The following is a partial transcript of our interview with Terry Hunter for The Armando Project. Terry was on the road at the time, and took time out to answer a few questions and tell a few stories. A few patches of the interview – no more than five minutes total – were lost on account of ambient noise during the recording. Errors in transcription are the fault of the interviewer.

 

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TERRY HUNTER: I knew Armando very well. I slept over at his house, he slept over at mine. I still know his address by heart – 9129 S. Aberdeen. I still know his phone number – write this down – 779-0865. That goes to show you – I remember that like it’s 1988 again. It’s been all of these years and I still have those memorized. I would never ever ever forget that man.

He was a brother to me. He was my best friend. Print this: without Armando, there wouldn’t have been any Terry Hunter. That’s honestly how I feel about that man.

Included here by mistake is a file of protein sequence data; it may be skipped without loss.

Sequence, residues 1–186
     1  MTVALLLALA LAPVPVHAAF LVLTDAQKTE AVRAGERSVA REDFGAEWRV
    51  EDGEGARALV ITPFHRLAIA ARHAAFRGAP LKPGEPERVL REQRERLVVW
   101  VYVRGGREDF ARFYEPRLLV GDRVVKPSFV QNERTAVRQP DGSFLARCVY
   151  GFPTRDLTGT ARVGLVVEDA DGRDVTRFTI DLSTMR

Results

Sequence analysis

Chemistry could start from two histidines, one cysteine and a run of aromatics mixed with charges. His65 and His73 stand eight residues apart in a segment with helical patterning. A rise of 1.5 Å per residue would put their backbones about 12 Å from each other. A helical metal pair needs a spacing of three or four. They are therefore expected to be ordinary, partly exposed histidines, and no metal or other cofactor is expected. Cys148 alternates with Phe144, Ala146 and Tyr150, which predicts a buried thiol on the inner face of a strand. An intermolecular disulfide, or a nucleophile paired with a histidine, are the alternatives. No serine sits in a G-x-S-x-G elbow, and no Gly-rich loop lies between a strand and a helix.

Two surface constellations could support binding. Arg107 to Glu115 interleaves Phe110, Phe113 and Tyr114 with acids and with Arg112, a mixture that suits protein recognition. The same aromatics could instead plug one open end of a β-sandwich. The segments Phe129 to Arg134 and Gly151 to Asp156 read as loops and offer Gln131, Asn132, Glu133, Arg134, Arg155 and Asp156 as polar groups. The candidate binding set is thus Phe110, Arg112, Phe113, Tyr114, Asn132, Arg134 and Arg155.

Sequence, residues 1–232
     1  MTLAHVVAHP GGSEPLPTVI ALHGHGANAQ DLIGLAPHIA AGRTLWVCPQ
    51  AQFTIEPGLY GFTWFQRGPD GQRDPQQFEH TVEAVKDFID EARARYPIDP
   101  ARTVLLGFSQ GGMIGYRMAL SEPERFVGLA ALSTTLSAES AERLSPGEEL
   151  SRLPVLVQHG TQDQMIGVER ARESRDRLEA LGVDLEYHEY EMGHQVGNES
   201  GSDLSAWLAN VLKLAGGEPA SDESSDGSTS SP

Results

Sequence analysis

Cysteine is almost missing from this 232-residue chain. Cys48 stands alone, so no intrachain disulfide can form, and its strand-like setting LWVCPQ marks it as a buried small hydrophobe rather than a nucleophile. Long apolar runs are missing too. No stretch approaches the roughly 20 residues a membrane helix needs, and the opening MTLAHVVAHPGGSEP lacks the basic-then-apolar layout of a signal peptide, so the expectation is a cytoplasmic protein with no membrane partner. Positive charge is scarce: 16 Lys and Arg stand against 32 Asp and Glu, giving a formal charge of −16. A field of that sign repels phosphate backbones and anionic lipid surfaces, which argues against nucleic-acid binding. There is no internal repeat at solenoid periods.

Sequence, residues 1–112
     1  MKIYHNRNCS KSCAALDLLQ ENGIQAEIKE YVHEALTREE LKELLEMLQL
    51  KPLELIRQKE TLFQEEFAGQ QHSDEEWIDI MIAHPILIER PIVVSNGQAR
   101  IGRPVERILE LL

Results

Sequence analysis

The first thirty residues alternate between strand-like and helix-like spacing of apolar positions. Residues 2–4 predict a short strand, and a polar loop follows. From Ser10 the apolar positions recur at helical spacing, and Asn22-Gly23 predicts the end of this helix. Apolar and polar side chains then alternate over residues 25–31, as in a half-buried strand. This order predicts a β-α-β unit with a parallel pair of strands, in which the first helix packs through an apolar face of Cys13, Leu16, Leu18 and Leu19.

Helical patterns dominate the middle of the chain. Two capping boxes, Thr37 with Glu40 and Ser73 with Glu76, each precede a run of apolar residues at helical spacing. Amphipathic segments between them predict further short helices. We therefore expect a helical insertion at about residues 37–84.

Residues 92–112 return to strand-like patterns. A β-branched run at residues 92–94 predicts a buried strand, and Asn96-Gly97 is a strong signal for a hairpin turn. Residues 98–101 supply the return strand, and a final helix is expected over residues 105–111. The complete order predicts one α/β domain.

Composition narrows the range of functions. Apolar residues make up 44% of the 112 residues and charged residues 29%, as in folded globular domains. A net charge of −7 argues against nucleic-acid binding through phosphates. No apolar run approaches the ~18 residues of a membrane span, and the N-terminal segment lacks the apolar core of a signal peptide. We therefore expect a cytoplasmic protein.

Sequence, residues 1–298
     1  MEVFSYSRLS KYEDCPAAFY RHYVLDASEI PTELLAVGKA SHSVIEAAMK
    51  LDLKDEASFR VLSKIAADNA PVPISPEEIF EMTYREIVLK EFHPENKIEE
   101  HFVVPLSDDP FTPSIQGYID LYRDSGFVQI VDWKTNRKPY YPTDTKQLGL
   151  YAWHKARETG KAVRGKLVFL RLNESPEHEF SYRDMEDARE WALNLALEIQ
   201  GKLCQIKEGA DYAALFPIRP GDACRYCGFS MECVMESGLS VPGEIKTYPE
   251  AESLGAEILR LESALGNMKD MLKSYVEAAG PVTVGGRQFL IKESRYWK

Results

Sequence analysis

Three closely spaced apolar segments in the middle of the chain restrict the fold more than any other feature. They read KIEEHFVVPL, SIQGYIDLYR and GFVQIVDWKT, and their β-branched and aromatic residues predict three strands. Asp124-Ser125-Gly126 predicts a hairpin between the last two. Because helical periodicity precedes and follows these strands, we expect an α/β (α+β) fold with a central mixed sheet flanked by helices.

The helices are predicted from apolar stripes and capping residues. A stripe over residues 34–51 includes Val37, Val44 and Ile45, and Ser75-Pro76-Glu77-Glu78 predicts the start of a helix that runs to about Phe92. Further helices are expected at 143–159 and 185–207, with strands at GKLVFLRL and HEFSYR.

He released my first track. Actually, both my first track and Ron Trent’s first track – “Altered States”. I heard it and told Ron, “You give this to me and I’ll take it and get you a deal.” Ron was a little younger so he didn’t know what to expect. But I knew Armando, and Armando had a record label, Warehouse Records. So I was the conduit, and I told Armando, “Man, this thing is bananas, you’ve got to release it.” And he had a great ear, so he knew right away. So he signed Ron Trent for “Altered States,” and he signed me for my first record, which he released on Muzique.

Back then, we would make tracks but we’d keep them on reel-to-reel. Every DJ wanted his own tracks that only he’d have.

I’ll tell you – Armando introduced people to a lot of their “firsts” – for me, over and over again. My first record. Ron Trent’s first record. And Armando took me into a studio for the first time. Mike Dunn had the only studio we knew of. I wanted to get my name on a track so Mike Dunn sampled himself saying “Terry Hunter, Terry Hunter…” just kind of a loop over and over again. And you know I still have that on the original reel-to-reel. I just wanted something with my name on it. But Armando made all of that happen.

 

Who were the Chicago Bad Boys?

TERRY HUNTER: In the early days, that was Brian Harris, Steve Poindexter, Armando, myself, and several other DJs that were up-and-coming at the time. We would play our gigs and promote them as Chicago Bad Boys parties. It was Armando that took us into the hotel parties, which he knew about from Lil Louis…